Saturday, March 3, 2007

Finding Out How God Communicates (Usually)

In Fetter Lane's last post we examined Wesley's criticism of too high an expectation for supernatural revelations of God's will. Today we will read his counsel on the common ways God expresses his path for us to follow.

Today we continue with John Wesley's Sermon # 37, "The Nature of Enthusiasm":
22. Perhaps some may ask, 'Ought we not then to inquire what is the will of God in all things?And ought not His will to be the rule of our practice?' Unquestionably it ought. But how is a sober Christian to make this inquiry? to know what is the will of God? Not by waiting for supernatural dreams; not by expecting God to reveal it in visions; not by looking for any particular impressions or sudden impulses on his mind: no; but by consulting the oracles of God. 'To the law and to the testimony!' This is the general method of knowing what is 'the holy and acceptable will of God.'

You could see this coming, couldn't you? Wesley said the Bible is the chief way of knowing the will of God. Does this disappoint you a bit? Were you hoping for an answer less obvious? I understand. The old saying is true, "Familiarity Breeds Contempt." We are all so used to the Bible that we can fall prey to taking it--the printed Word of God--for granted.

But what about those specific cases in our lives that the Bible doesn't answer. For example, how can the Bible help us to understand what college to go to? Consider Wesley's view:
23. 'But how shall I know what is the will of God, in such and such a particular case? The thing proposed is, in itself, of an indifferent nature, and so left undetermined in Scripture.' I answer, the Scripture itself gives you a general rule, applicable to all particular cases: 'The will of God is our sanctification.' It is His will that we should be inwardly and outwardly holy; that we should be good, and do good, in every kind and in the highest degree whereof we are capable. Thus far we tread upon firm ground. This is as clear as the shining of the sun. In order, therefore, to know what is the will of God in a particular case, we have only to apply this general rule.

24. Suppose, for instance, it were proposed to a reasonable man to marry, or to enter into a new business: in order to know whether this is the will of God, being assured, 'It is the will of God concerning me, that I should be as holy and do as much good as I can,' he has only to enquire, 'In which of these states can I be most holy, and do the most good?' And this is to be determined, partly by reason, and partly by experience. Experience tells him what advantages he has in his present state, either for being or doing good; and reason is to show, what he certainly or probably will have in the state proposed. By comparing these, he is to judge which of the two may most conduce to his being and doing good; and as far as he knows this, so far he is certain what is the will of God.
To me, this is an intriguing opinion: ask yourself, "Where can I be the holiest and put my best shots in for the Kingdom?" and then go for it! Far from releasing our responsibility to think, this view demands that we take a reasoned and calculated guess.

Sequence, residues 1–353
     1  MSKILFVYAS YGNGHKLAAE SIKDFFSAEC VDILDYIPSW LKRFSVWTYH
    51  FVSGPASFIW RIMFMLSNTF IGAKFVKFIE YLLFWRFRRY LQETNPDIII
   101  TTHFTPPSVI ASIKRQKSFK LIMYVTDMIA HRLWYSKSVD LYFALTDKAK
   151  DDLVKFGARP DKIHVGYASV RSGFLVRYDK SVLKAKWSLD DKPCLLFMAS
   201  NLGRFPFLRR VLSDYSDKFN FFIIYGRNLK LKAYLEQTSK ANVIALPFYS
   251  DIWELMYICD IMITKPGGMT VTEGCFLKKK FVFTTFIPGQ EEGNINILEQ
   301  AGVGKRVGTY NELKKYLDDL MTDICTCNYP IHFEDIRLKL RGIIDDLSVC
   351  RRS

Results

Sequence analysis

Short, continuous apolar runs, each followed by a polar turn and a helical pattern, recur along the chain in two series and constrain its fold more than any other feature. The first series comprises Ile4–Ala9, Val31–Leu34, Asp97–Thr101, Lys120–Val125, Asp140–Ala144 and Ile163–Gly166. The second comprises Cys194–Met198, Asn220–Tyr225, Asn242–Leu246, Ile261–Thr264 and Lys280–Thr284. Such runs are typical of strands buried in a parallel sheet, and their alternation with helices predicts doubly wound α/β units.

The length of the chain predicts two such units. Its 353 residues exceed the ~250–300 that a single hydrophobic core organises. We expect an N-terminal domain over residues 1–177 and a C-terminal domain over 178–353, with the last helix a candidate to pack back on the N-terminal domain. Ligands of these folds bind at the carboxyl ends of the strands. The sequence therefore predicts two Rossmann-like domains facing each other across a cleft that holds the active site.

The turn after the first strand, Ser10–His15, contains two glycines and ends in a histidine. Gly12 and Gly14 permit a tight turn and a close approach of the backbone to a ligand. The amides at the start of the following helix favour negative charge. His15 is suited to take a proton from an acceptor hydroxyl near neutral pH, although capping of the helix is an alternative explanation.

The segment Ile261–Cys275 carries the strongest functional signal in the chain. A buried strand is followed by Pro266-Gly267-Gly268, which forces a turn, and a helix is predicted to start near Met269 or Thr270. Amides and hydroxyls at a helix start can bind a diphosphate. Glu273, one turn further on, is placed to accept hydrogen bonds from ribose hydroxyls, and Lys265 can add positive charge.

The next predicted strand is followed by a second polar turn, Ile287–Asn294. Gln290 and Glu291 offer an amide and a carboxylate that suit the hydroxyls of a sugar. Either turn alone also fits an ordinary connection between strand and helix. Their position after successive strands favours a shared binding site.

Wesley continues:
25. Meantime, the assistance of His Spirit is supposed, during the whole process of the inquiry. Indeed it is not easy to say, in how many ways that assistance is conveyed. He may bring many circumstances to our remembrance; may place others in a stronger and clearer light; may insensibly open our mind to receive conviction, and fix that conviction upon our heart. And to a concurrence of many circumstances of this kind, in favour of what is acceptable in His sight, He may superadd such an unutterable peace of mind, and so uncommon a measure of His love, as will leave us no possibility of doubting, that this, even this, is His will concerning us.
After I accepted the call to ministry I had to determine where to go to college. I had two choices: Warner Southern College in Florida and Mid-America Christian University in Oklahoma. During my senior year of high school I visited both, Florida first and Oklahoma last.

I didn't have anything bad to say about Warner Southern but felt no "pull" there. When I visited Oklahoma my questions were answered. I just "felt" this was the right place to be. I liked it there. I felt the school exuded a strong holiness factor. In fact, I was so comfortable there that during my visit I told another of my decison to attend college there.

I didn't have a vision, dream, or supernatural encounter. I just felt peace in my heart and I liked the place. I've never regretted my decision.

Let me conclude with one last quotation from Wesley's "The Nature of Enthusiasm":
26. This is the plain, scriptural, rational way to know what is the will of God in a particular case. But considering how seldom this way is taken, and what a flood of enthusiasm must needs break in on those who endeavour to know the will of God by unscriptural, irrational ways; it were to be wished that the expression itself were far more sparingly used. The using it, as some do, on the most trivial occasions, is a plain breach of the third commandment. It is a gross way of taking the name of God in vain, and betrays great irreverence toward Him. Would it not be far better, then, to use other expressions, which are not liable to such objections? For example: instead of saying, on any particular occasion, “I want to know what is the will of God;' would it not be better to say, 'I want to know what will be most for my improvement; and what will make me most useful?' this way of speaking is clear and unexceptionable: it is putting the matter on a plain, scriptural issue, and that without any danger of enthusiasm.